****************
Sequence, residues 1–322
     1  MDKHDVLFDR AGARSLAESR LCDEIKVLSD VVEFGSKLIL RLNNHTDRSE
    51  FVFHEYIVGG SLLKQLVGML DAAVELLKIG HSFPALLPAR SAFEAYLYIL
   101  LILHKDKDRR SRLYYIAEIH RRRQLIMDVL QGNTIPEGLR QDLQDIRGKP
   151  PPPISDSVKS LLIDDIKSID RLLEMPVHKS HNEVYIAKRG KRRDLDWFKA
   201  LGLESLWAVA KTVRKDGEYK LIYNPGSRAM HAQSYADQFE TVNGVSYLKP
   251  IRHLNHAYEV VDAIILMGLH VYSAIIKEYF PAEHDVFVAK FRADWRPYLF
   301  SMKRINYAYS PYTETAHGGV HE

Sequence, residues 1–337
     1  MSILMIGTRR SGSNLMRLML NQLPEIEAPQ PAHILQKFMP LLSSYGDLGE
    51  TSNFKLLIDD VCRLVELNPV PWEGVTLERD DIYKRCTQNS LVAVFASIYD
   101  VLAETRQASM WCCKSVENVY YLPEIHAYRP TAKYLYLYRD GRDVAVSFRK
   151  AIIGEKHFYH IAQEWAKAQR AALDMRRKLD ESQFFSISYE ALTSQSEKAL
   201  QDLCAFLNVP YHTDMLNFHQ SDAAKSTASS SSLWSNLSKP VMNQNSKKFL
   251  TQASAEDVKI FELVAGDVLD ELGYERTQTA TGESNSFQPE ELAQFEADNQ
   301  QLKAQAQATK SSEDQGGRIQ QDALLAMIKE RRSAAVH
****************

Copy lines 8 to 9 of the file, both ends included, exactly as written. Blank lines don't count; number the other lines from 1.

   301  SMKRINYAYS PYTETAHGGV HE

Sequence, residues 1–337